Including Creativity in Primary School Teaching and Learning Programmes: Teachers’ Pedagogical Practice and the Influence of School Leadership

Crimmins-Crocker, Julie
Smith, Alison
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Master of Educational Leadership
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Auckland University of Technology

This research study investigated teachers’ practices of ‘creativity’ in primary school education and the leadership that enables these practices. A qualitative methodology was adopted and semi-structured interviews were employed to explore participants’ personal experiences and their perceptions of developing students’ ‘creativity’ in today’s schools. The major findings for the study were derived from the focussed exploration of the following factors – participants’ definitions of creativity, their perceptions of the benefits of creativity, and the ways in which teachers facilitate creativity development through their pedagogical practices. Data was also gathered concerning the positive influence of school leaders upon teachers’ development of their students’ creativity. The data were analysed qualitatively to identify important themes. A key theme emerging from the data findings was that all participants emphatically viewed creativity development as of great benefit for students – a belief that fully aligns with the creativity literature. The benefits described by participants were also revealed to be motivational and guiding factors for teachers’ pedagogical practice and a driving force for school leadership behaviour. However, despite participants’ genuine commitment to creativity recognition and development, several challenges were highlighted that could potentially hinder students’ creativity. These themes were also present in the literature; for example creativity was not clearly defined, it entailed an element of risk, and participants had received little or no creativity training and professional development. Furthermore, it was evident that not only were participants juggling the development of students’ creativity with the performative pressures of standardised assessments in literacy and mathematics, they also lacked confidence in utilising or developing students’ creativity within these core subjects.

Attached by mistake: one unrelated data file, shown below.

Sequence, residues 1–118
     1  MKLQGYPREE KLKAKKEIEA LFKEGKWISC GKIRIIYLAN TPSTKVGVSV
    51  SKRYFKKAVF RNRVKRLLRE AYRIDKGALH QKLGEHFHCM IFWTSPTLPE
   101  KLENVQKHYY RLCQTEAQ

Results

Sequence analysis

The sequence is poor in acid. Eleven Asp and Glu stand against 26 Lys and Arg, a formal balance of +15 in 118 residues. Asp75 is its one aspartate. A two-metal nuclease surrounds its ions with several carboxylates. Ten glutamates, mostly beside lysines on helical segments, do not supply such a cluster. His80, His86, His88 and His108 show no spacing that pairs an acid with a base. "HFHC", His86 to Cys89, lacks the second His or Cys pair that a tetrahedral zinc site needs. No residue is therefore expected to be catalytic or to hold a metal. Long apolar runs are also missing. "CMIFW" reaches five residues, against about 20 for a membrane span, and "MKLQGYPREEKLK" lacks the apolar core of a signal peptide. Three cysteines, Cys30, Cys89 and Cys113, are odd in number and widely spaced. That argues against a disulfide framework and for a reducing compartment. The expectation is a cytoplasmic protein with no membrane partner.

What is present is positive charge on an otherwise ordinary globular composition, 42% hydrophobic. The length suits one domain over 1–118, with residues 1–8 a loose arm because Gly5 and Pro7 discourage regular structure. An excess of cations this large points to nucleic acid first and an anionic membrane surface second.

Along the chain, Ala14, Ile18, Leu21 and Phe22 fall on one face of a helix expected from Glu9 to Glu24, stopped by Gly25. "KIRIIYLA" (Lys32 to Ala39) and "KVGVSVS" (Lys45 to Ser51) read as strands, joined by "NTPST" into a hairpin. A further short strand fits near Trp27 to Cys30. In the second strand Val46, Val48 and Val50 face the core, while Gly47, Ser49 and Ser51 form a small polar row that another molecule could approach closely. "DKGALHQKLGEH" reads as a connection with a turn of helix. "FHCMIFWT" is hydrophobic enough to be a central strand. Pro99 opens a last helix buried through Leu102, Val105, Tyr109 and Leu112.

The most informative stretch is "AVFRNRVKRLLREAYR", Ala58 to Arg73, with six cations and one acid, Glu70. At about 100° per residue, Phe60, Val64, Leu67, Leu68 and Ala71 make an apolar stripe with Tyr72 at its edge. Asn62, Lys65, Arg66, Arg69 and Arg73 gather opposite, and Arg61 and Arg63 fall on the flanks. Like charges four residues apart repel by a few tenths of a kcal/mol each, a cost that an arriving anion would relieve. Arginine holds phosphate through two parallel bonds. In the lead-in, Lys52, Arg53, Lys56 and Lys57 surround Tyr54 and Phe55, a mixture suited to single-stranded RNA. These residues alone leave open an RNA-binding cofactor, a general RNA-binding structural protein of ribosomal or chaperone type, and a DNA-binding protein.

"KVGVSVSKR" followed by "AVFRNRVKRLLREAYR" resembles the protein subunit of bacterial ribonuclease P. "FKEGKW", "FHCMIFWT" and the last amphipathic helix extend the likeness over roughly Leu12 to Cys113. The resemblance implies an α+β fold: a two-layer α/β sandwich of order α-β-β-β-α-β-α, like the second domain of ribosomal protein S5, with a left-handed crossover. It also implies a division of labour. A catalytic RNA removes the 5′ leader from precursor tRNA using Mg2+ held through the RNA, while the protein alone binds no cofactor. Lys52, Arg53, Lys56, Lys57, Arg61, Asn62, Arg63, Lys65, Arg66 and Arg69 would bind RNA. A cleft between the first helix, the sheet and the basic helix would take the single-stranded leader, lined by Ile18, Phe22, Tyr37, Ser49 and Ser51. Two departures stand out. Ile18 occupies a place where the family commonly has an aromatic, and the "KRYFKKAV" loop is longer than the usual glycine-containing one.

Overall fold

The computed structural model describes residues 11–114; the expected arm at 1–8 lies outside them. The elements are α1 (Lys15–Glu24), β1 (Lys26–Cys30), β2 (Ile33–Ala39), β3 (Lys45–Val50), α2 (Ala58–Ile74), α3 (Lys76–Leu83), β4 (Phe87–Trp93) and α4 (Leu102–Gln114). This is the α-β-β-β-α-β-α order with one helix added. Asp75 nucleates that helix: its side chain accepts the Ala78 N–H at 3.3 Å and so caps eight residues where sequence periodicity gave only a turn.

Creativity , Pedagogy , School Leadership , Primary School , Qualitative Research , New Zealand , Education
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